Applied for a loan? Prepare for the worst

By Thomas Pardee

Sometimes, life calls for plan B. And like it or not, you have to be ready.

Columbia’s Student Financial Services department is charged with administering the finances of each and every student. It’s complicated, and hiccups in communication with federal and private lenders make the refund process even more difficult. A lot hangs in the balance when it comes to our money, so we as students need to take control of our financial interests and be proactive in securing funding for college. When bureaucratic snags arise that are beyond our control, we need to have a back-up plan.

This year, I played by all the rules. I filed every form on time, filled out all my loan applications and stayed up-to-date on the status of my funds. But because of a breakdown in communication between SFS and my private loan provider, Sallie Mae, my loan was not disbursed after it was certified. While counselors from both the college and my lender told me that everything was moving smoothly, the money just sat there, as both parties waited on each other to make the next move.

I had to figure out where the problem was, and I had to coordinate the phone call between SFS and Sallie Mae so it could be solved. My cost-of-living advance, which I was told would arrive within three to five days, took two weeks to reach me. This, I was told again via telephone, was due to problems with SFS’ automatic deposit system. “Sorry,” the counselor told me. “There’s nothing else we can do.”

Though I can only speak for my own experiences, the line spilling out of the SFS office door would suggest others are having money problems, as well. The line of communication between SFS and federal and private lenders is an important one. Crucial information is exchanged in this delicate back-and-forth. SFS executive director Jennifer Waters said about 80 percent of Columbia students depend on loans to fund at least part of their education, and that her office works hard to make sure students’ money doesn’t fall through the cracks. But clearly, the system is still flawed.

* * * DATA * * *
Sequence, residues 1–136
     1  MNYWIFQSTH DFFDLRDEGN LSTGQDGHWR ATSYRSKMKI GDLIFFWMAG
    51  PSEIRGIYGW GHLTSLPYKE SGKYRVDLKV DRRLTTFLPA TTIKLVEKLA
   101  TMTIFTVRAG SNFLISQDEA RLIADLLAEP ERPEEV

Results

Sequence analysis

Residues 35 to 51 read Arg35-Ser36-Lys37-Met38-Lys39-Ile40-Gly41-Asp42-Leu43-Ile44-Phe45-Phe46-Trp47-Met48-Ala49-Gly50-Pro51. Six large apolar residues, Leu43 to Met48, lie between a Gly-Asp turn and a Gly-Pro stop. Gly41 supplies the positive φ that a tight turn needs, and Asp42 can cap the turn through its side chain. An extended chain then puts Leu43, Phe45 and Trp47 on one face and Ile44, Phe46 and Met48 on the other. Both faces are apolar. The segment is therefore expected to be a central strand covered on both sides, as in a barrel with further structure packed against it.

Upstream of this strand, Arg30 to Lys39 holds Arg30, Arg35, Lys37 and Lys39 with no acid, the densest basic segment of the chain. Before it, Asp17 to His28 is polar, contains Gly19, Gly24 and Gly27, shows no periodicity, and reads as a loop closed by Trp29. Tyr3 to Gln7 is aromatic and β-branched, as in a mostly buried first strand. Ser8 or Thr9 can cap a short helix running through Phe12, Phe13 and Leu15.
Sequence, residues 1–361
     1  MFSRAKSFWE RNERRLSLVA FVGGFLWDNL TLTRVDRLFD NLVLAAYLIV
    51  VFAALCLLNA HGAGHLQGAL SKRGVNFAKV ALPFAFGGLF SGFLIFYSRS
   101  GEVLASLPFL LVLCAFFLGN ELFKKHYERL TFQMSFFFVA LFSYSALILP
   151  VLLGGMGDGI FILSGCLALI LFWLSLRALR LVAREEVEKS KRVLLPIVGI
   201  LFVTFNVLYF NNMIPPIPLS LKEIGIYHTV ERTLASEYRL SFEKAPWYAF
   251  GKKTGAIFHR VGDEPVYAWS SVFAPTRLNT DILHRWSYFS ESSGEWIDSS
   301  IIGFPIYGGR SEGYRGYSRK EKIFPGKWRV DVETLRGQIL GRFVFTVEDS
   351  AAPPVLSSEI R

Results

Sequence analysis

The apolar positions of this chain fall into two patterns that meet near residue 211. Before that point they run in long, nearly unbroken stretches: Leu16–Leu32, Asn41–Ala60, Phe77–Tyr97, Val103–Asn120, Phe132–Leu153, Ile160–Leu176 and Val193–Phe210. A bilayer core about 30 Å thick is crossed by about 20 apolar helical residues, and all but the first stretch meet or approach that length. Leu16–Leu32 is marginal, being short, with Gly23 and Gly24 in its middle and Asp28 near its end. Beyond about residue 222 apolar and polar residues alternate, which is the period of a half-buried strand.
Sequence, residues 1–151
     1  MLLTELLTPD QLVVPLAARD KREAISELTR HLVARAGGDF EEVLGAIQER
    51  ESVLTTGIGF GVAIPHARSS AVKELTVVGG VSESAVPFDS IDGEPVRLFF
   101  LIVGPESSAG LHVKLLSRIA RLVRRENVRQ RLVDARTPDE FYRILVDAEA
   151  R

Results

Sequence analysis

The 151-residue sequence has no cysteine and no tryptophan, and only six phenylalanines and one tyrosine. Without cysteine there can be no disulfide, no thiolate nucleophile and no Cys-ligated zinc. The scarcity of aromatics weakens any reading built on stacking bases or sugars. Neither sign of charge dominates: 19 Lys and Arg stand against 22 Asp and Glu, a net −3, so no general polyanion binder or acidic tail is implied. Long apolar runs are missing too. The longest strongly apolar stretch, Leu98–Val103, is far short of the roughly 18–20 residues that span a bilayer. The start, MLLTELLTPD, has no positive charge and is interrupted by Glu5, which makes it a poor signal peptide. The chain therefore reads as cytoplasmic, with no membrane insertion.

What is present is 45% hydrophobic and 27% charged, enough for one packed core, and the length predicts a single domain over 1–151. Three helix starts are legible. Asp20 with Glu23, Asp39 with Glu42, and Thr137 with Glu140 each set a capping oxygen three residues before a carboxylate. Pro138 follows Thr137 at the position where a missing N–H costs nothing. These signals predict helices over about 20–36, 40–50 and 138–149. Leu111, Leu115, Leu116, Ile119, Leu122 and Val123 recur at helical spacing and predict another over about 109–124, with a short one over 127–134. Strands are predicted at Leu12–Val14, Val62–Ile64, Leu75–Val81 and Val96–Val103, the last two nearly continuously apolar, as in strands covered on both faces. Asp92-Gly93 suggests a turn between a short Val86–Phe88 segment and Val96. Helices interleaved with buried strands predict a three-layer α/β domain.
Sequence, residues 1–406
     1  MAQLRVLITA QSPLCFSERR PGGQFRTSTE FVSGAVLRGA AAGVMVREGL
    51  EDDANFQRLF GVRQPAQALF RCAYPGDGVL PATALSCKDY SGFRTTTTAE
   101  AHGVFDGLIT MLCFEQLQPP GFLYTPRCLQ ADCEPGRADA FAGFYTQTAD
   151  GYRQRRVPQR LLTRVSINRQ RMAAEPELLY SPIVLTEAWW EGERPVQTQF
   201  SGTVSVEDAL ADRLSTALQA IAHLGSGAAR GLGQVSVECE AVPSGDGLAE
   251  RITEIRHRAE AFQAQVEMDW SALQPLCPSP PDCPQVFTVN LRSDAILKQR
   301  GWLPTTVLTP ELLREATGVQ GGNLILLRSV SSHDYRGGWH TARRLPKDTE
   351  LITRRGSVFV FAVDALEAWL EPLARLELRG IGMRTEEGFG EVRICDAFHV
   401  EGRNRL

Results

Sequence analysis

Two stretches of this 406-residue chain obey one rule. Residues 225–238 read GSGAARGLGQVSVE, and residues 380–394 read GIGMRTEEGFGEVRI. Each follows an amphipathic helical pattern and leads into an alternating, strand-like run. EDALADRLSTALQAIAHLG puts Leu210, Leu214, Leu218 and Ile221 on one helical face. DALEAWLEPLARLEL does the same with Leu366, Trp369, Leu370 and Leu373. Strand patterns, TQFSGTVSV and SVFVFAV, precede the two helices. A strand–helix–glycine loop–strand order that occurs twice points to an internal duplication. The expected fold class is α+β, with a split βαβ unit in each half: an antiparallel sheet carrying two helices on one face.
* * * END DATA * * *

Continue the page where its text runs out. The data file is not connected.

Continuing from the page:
There are many steps students should take to avoid problems, and it all boils down to being proactive. Starting the loan process early is key in ensuring it’s processed on time. Fill out the Free Application for Federal Student Aid (FAFSA) in January, even if you don’t think you’re eligible for government money. If you try to apply for a private loan before filling out the FAFSA, your application could be delayed.

Keep an eye on the progress of your loans. Call SFS over the summer to check on the status, or if it’s a private loan, check in with your lender. Get used to asking the following question: “Is there anything I need to do right now?” If they say no, understand why. It’s easy to forget about loans over the summer, but failure to keep up to date on their progress could lead to problems later. It may seem like an obsessive approach, but it’s paid off for me in the form of several averted crises.

If you do find yourself stuck financially, know your options. I called SFS toward the end of my ordeal. If your refund money is delayed, and you need it immediately to purchase books for homework, SFS has a book credit service that allows you to charge books to your financial account that will be automatically deducted from your refund when it finally does arrive.

However, what you shouldn’t count on is consistency in counseling, especially over the phone. Though it may be imconvenient, taking time to stop by the office is a good plan. If you aren’t able to drop in, call every day. Take names. Make sure you’re hearing the same things from everyone. If you get conflicting information about where your loan stands, trouble may not be far off.

SFS, along with federal and private lenders, makes education possible for thousands of Columbia students. Much of our money is processed in a timely and tangle-free fashion, and we do receive our needed refunds on, and often before, the date they are promised. Considering it’s responsible for almost 13,000 separate financial situations, SFS runs relatively efficiently.

The size of the operation means some students will inevitably have issues, but SFS works hard to catch problems before they snowball.

But as I know all too well now, they can’t catch everything. That means students have to be ready to deal with it-and if that means stocking up on ramen and Capri Sun, or stashing away some extra summer job money in case of an emergency, so be it. It may not be glamorous, but it’s a solid Plan B.

Next year, I’ll be ready for anything.

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